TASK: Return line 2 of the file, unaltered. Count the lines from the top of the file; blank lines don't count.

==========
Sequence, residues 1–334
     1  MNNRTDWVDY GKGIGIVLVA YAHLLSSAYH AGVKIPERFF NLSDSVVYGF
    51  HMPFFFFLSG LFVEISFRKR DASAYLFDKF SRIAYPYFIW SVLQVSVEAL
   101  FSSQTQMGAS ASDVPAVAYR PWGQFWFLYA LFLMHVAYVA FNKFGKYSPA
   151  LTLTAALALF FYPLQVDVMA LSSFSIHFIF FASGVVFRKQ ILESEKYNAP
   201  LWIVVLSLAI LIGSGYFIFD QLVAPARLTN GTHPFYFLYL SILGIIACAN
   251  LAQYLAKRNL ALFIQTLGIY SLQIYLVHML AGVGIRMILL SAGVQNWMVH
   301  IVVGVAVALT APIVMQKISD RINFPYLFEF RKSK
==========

     1  MNNRTDWVDY GKGIGIVLVA YAHLLSSAYH AGVKIPERFF NLSDSVVYGF